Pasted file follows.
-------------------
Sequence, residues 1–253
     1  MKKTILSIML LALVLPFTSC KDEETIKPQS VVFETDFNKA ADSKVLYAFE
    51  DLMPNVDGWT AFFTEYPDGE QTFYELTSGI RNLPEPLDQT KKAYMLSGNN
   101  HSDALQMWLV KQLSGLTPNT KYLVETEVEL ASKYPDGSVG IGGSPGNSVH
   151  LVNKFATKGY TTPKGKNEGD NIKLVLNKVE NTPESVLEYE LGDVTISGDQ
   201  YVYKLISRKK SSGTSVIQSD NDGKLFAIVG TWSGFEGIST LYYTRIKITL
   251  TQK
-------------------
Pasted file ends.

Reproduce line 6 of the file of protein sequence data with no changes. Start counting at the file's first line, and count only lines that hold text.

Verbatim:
   201  YVYKLISRKK SSGTSVIQSD NDGKLFAIVG TWSGFEGIST LYYTRIKITL